This letter was written by Andrew R. Yoder (1836-1895) of Co. D, Mallett’s Battalion (Camp Guard), North Carolina. Muster rolls indicate that he served as a musician in the Camp Holmes Battalion. Whether Andrew remained at Camp Holmes as he hoped is unknown. Nothing further was found in his muster roll records after the summer of 1863. Most likely he was a conscript like the others who reported to Camp Holmes which was a camp of instruction near Raleigh, North Carolina. Typically, after being uniformed, equipped and drilled, the conscripts were sent on to fill the vacancies of regiments in the field. It may be that because Andrew was a musician (presumably a drummer), he was allowed to remain because he was not deemed to be fit for the field and/or because a drummer was needed at the camp for daily drills.
Andrew was the son of John Abel Yoder (1795-1870) and Sallie Whitener (1793-1869) of Jacob’s Fork, Catawba county, North Carolina. He wrote the letter to his olde sister, Mary M. (“Mollie” Yoder) Hawn (1833-Aft1870), the wife of Amzi Alexander (“A. A.”) Hawn (1833-1864) who is mentioned in the April 1863 letter as having just been sent to Co. K, 35th North Carolina Infantry. Amzi is reported to have been killed and left on the battlefield at Petersburg on 17 June 1864.
Andrew and Mollie had an older brother, John Abel Yoder, III (1820-1864) who served the Confederacy in Co. F, 23rd North Carolina Infantry. He was killed in action at Spotsylvania Court House on 10 May 1864.
Andrew married Sarah Catherine Hawn (1838-1885) in the late late 1850s and had one child when he was drafted into service. He survived the war and lived out his days in Catawba county.
Camp Holmes, North Carolina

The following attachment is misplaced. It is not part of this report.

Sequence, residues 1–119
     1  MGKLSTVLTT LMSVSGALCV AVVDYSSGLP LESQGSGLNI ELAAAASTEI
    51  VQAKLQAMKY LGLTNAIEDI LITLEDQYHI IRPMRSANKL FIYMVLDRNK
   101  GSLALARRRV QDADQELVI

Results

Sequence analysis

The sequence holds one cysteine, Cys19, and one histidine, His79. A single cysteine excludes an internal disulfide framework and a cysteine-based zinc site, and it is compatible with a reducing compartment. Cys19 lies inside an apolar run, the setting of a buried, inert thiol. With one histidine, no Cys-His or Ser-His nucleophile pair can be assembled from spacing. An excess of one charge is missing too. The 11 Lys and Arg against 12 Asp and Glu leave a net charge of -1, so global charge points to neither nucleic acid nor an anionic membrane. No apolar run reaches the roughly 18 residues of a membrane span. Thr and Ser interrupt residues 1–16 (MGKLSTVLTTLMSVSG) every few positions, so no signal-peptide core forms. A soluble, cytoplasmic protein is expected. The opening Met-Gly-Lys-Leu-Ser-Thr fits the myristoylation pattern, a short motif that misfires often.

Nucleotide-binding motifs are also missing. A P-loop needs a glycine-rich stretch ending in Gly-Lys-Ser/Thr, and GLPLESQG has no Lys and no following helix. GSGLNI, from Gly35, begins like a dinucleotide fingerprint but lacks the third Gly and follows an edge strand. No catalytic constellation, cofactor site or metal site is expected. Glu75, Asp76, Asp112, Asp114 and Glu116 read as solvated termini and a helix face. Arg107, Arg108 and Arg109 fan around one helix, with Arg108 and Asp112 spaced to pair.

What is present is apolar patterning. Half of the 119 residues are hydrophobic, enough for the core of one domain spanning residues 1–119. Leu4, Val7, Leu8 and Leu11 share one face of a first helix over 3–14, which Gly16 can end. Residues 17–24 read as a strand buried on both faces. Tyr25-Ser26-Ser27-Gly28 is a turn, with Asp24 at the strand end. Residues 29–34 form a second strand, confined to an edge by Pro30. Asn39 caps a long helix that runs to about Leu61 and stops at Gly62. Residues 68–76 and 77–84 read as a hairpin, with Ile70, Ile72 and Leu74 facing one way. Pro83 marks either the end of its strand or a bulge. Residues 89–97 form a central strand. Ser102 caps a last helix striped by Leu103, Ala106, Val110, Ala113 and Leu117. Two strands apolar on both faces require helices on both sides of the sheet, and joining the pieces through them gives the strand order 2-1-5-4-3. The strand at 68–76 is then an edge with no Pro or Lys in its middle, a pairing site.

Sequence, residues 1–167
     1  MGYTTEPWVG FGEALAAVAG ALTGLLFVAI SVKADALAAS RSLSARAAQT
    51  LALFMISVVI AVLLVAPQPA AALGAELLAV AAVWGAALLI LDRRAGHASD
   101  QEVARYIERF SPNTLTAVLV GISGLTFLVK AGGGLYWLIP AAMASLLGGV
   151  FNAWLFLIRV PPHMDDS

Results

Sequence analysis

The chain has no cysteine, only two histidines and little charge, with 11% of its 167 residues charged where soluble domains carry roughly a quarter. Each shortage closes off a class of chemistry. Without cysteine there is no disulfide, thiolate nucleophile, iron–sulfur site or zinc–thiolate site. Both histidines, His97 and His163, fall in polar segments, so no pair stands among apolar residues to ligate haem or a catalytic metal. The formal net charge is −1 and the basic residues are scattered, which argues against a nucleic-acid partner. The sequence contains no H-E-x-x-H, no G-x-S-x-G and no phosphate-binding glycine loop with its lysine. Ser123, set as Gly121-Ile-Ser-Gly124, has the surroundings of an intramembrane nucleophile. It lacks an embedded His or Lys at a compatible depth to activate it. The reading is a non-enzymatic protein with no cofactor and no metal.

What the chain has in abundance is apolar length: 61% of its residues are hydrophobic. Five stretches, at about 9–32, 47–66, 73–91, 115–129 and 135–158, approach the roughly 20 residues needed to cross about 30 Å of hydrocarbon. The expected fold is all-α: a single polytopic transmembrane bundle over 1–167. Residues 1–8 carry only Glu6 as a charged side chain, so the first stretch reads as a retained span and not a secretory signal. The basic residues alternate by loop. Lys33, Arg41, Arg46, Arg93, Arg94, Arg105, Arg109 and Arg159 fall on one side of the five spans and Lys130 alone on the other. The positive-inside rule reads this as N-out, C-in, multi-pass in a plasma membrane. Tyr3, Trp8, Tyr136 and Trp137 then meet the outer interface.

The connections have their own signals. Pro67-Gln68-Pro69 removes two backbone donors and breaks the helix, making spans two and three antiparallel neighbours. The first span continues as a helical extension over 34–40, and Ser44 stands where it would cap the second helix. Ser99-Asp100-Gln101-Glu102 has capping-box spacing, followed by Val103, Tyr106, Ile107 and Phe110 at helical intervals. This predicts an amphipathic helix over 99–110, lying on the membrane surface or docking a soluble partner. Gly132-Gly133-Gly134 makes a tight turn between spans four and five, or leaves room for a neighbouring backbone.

April 7th 1863
Dear loving sister,
I drop you a few lines to let you know that I am well. I hope when these few lines come to hand, they may find you all well. I am sorry to tell you that A. A. is already gone. I sent that letter to him. I was sorry to be parted from A. A. He was one of the best [friends] I had in camp. I am sorry to be parted from him. If I could stand marching, I would [have] went with him but the way I am situated, I expect to stay here as long as I can.
There is some talk that there will be another detail. I don’t know whether this is the case or not but I am in hopes to get to stay here this summer if the war does not close.
You wrote that you wanted me to take care of his things that he could not take along. I will do so. He left his honey jug & two tin cups & one pack of envelopes with me to send home to you. His shoes he left with Saddlemire. I had no room in my bag just then. I had my provisions in my box. I will send those things the first chance I have.
I am glad that he got to go to the 35th Regiment. I hope and pray that he will be treated well & that he may be blessed with health & life to return home again. We sent our trunks with T. S. Hawn. I would like to know whether you got them and I hope you did get them. I must close. I hope this cruel war will end before long.
I remain your brother till death, — A. R. Yoder
To Mary M. Hawn